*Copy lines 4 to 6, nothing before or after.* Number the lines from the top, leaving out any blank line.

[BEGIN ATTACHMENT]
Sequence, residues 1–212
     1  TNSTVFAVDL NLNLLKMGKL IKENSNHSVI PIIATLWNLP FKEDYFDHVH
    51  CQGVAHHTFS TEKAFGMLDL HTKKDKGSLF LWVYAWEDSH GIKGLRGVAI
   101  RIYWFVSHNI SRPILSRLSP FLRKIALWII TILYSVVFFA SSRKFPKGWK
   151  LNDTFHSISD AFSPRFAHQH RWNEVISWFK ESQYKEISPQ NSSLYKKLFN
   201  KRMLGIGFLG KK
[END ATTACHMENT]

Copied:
   101  RIYWFVSHNI SRPILSRLSP FLRKIALWII TILYSVVFFA SSRKFPKGWK
   151  LNDTFHSISD AFSPRFAHQH RWNEVISWFK ESQYKEISPQ NSSLYKKLFN
   201  KRMLGIGFLG KK